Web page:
My Entrance into Woodworking

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Blog entry by BassBully posted 04-19-2007 08:48 AM 2021 reads 0 times favorited 16 comments Add to Favorites Watch

This long blog entry describes how I became interested in woodworking. I read cheller’s blog entry about this same topic and it inspired me. I think that it would be interesting to read other lumber jocks’ stories about how they became woodworkers. Kind of like if you’re a Christian and how we offer our testimonies to others. Maybe there could be a standard section about how members became hooked.

Exciting Opportunities

It was 1992, my second semester as a freshman, when I was able to set foot into the time honored high school wood shop class. The room was nestled over the metal shop and auto body shop in the back of the school. It was a hidden treasure. Hidden from the rest of the school, it was separated by an auditorium that could host 1,500 or more students, and the only reasonable way to get to the class, was by following the long path of a decadent hallway. It was located off the beaten path so to speak.

Two large, red, almost burgundy heavy steel doors, gated the entrance on the west side of the room. It greeted students to the treasures inside. The room was very large and the floor laden with wood flooring. The south side, right side of the room, had cabinets storing block planes, wooden mallets, hand saws, chisels, etc. The east side, or back of the room, had huge industrial looking aluminum windows that allowed the sun to glisten off of the varnished floors.

A few large lathes with metal guards rested near the N.E. corner of the class. The west wall had a door to the finishing room. The room contained the shop’s dust collector and air guns for finish spraying. The rest of the class was filled with two heavy duty table saws, a large gear driven planer, two jointers, router stations, and many wood working benches, etc. This place contained exciting potential.

Mr. W. was the teacher that semester. He had been an industrial educator for many moons but this year would provide to be his last; at our school anyway. Before he was fired, our exposure to woodworking equipment was limited to dull, kludgey block planes and old hand saws. Using these tools was a right-of-passage before being allowed to use the power tools. It was boring. The lackluster tools made it so. We couldn’t wait to cut square boards with the table saw. That was suppose to be the next step after we received our safety training. It’s interesting how things can quickly change.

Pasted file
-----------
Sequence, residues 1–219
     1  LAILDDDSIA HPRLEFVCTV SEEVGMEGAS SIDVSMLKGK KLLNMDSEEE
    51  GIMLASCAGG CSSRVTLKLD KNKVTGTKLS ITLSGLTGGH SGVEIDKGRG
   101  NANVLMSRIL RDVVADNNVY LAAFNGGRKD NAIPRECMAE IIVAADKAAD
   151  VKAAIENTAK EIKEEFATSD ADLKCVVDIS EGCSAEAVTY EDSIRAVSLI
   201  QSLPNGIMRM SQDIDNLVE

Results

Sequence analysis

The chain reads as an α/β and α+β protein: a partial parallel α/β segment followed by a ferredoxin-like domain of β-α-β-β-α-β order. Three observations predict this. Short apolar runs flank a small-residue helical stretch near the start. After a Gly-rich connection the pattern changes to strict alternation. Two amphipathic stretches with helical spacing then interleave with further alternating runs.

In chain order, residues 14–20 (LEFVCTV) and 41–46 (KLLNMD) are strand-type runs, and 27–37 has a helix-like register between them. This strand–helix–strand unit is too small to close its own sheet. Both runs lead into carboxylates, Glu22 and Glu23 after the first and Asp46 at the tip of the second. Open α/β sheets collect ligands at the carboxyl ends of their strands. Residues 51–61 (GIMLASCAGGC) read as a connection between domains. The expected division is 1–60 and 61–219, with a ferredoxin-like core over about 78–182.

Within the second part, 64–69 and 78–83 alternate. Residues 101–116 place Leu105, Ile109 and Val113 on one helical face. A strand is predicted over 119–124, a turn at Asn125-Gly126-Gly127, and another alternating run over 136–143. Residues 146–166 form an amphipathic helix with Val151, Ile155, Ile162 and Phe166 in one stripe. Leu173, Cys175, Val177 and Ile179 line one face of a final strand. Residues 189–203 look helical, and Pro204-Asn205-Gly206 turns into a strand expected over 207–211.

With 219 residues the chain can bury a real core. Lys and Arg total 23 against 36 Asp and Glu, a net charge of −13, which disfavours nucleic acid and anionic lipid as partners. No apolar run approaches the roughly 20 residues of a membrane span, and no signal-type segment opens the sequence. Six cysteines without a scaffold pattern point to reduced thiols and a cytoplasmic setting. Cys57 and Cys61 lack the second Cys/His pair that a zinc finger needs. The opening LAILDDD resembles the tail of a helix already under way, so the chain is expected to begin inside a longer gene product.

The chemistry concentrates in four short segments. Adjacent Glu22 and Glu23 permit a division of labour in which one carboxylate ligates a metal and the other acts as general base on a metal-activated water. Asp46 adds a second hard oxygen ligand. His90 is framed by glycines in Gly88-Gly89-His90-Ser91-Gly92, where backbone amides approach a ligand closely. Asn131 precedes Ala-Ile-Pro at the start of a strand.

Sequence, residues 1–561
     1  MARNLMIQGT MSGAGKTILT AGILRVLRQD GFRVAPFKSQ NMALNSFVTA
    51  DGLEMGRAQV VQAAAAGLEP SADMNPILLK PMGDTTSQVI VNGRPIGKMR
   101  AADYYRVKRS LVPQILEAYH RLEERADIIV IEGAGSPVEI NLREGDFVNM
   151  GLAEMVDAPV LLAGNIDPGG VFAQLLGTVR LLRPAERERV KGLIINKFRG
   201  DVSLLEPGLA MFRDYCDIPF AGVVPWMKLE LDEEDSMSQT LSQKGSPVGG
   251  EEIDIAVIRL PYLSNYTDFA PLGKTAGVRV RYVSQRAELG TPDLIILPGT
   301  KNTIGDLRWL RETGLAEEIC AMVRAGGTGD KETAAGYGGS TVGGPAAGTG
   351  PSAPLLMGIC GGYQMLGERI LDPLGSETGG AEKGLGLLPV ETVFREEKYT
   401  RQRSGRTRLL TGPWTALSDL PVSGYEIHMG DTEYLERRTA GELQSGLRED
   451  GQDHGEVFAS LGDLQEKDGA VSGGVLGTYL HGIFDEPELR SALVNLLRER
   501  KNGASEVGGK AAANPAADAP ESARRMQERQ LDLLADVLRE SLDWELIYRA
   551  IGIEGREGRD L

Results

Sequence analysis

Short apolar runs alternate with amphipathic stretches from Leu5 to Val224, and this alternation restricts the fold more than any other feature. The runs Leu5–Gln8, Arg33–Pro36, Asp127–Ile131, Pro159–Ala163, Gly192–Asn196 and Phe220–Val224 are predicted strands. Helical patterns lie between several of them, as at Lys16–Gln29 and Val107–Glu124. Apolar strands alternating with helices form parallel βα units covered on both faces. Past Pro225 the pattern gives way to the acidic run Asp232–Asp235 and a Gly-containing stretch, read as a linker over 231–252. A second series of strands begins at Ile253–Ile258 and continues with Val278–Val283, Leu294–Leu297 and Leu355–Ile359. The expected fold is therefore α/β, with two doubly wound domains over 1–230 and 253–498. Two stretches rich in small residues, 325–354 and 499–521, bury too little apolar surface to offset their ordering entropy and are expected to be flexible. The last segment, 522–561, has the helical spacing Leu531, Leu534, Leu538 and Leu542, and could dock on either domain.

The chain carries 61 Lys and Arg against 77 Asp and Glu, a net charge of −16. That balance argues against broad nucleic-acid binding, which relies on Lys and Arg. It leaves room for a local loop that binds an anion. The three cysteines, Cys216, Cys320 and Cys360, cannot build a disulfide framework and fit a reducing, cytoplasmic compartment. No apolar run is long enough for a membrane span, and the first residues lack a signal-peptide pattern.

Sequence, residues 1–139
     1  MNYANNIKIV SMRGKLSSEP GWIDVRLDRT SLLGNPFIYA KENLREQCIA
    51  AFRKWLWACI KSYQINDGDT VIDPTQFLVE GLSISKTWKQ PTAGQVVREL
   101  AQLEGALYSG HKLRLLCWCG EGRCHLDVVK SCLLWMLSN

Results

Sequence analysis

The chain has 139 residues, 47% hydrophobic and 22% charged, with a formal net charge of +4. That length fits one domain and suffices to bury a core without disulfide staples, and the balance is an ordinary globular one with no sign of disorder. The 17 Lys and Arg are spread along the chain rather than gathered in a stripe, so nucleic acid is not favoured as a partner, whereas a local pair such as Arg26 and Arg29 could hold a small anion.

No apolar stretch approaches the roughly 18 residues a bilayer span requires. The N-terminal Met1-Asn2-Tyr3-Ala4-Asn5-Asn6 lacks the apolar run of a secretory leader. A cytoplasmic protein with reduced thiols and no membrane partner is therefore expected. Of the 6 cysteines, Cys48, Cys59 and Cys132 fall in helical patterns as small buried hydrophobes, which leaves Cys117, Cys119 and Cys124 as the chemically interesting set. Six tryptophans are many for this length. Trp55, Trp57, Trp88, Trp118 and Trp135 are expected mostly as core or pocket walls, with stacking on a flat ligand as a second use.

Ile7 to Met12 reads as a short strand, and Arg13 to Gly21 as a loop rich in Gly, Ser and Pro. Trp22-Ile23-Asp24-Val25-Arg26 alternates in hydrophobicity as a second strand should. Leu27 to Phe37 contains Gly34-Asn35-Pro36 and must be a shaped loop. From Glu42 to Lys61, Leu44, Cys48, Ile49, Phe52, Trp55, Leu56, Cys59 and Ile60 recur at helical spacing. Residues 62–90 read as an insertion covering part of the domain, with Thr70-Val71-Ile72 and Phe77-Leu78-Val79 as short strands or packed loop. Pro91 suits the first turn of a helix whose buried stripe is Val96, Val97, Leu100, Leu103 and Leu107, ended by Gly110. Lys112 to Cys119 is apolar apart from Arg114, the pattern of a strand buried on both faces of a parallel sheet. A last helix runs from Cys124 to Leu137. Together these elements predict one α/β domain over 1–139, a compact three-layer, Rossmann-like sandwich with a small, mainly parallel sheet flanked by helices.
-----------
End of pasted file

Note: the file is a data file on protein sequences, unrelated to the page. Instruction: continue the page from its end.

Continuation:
The day that almost ruined my woodworking passion, was the day that Mr. W. kicked another student in the groin. That was the beginning of woodworking hopelessness. It happened earlier in the day—In the hallway. Apparently, a student grabbed him on the shoulder from behind, and Mr. W. turned around, and kicked the student in the jewels. That was the rumor anyway. I’ve never known the true story because it was never revealed to us by the educational staff.

If the story is true, my guess is that the student partly deserved it. That might sound un-politically correct these days, but I went to a school where many of the students’ traits weren’t much different than the block planes we were using. I find it hard to believe that a respected teacher with 20 years or so experience would frivolously jeopardize his career. I think it was self defense. He was gone nevertheless.

At this point, getting access to the power tools was about as hopeless as trying to smell a fart in a hurricane. Those dreams flew right out the window after that incident.

Tragic Disappointment

The rest of the semester that followed was tragically boring. There were very few substitute teachers in the district certified to teach industrial education. Therefore, we could not use the power tools. Everyday involved reading woodworking textbooks and submitting assignments. Sometimes we received a break by watching a video of someone else working with wood which was probably calculated torture derived by the mind of our substitute teacher. The tools just sat there begging for us to use them.

In protest, a paper airplane was thrown at the sub while his back was turned towards the class. That’s right, it was me! I admit it. I couldn’t take it anymore. Luckily for him, and especially for me, he dropped something while the paper protest was in flight. In the nick of time, he bent over to pick up the dropped item, and the paper airplane flew right over his back barely missing him; site unseen. The students giggled. He peered at us with a dumbfounded look. In all honesty, this behavior wasn’t like me; I was just overtaken by boredom.